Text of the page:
Mad Max: ideology as style

I saw Mad Max: Fury Road today. I won’t be joining in the general indiscriminate acclaim (saving that behaviour for Hou Hsiao-hsien’s The Assassin, whenever I get to see it). Instead, I’m trying to work out what bugs me about the Mad Max franchise. Here’s a stab at it:

Mad Max Fury Road, like its predecessors, takes certain stands, adopts certain poses, without actually committing to them. It’s like the old rap against post-modern architecture. All aesthetic pose, no commitment, no meaning, no ethics. Mad Max 1 was a flagrantly neo-Nazi film (or, at the very least, a crude Nietzschean fable) about the satisfactions of the (super-)hero wielding limitless violence against terrifyingly sub-human others. MM2 went to the other extreme, and played out like a communitarian (anarcho-socialist) fable, in which the individual discovers he’s nothing unless he works for the good of the community. Very sweet, but what kind of ideological jujitsu can get you from MM1 to MM2 without batting an eye? (MM3 was unwatchable, so I don’t know what happens there).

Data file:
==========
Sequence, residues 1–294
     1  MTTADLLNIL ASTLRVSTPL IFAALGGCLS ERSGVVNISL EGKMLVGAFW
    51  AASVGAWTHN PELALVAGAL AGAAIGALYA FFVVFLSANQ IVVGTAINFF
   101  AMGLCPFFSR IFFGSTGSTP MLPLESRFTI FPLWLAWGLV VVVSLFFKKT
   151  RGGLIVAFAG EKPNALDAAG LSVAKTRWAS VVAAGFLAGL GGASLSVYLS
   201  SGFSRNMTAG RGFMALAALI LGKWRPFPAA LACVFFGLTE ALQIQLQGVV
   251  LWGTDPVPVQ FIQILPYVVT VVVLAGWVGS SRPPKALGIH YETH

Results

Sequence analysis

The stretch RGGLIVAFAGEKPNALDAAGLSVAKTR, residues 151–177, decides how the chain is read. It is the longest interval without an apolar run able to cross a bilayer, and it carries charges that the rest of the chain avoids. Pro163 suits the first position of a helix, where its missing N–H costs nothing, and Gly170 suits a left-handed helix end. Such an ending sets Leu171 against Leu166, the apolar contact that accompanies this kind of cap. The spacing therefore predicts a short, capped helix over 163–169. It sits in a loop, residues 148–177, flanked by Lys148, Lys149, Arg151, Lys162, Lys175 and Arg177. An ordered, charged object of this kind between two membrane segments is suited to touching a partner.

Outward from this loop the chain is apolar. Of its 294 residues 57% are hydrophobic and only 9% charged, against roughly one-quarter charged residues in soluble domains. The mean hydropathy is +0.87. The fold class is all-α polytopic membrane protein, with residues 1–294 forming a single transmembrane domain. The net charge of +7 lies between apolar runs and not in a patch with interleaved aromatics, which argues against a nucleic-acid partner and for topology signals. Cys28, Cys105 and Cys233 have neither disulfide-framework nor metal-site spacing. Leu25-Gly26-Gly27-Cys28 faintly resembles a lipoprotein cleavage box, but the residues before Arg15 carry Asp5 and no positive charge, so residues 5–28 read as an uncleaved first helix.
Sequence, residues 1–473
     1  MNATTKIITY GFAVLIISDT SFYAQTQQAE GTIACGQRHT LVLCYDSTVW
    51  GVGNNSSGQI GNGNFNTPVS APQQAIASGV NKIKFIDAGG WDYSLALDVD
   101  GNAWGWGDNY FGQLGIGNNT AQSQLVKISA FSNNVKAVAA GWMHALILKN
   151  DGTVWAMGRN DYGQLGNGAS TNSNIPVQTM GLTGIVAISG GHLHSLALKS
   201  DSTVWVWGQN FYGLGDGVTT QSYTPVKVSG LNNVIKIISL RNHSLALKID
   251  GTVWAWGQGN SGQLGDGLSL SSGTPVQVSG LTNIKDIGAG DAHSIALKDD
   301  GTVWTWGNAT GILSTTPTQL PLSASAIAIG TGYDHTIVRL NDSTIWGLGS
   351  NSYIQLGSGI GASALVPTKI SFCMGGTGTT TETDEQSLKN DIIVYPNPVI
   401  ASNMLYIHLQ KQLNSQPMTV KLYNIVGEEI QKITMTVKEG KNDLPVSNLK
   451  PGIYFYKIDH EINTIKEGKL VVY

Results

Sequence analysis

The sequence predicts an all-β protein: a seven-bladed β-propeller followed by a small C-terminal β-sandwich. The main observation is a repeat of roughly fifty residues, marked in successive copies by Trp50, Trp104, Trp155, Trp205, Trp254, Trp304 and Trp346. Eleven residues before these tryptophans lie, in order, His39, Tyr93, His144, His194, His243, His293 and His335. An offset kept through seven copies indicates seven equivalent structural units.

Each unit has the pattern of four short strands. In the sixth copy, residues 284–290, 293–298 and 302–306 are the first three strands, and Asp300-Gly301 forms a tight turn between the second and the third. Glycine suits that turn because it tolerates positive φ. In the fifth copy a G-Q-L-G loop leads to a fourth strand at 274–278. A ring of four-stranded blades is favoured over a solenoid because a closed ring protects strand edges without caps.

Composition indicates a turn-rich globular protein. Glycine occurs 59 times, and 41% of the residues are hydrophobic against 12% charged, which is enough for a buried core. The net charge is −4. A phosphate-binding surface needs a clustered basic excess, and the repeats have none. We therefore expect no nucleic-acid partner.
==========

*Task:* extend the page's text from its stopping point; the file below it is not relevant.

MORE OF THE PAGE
And, in Mad Max: Fury Road, we have a new ideological costume: “feminism”, which Miller plays with, references, winks at, coats the surface of his film with, and redesigns his basic narrative to accommodate.

But all of these are poses: none is essential. At least the first instalment, noxious as its implied fascism was to think about, was visually striking, coherent, and original. MM’s dedication to something like “design” (in the broadest sense) was there, fully formed, in part one, and has persisted through to part four. But fascism, socialism, and feminism aren’t matters of design, really, and can’t be lightly substituted one for the other, even if that’s what MM seems most anxious to try to assert.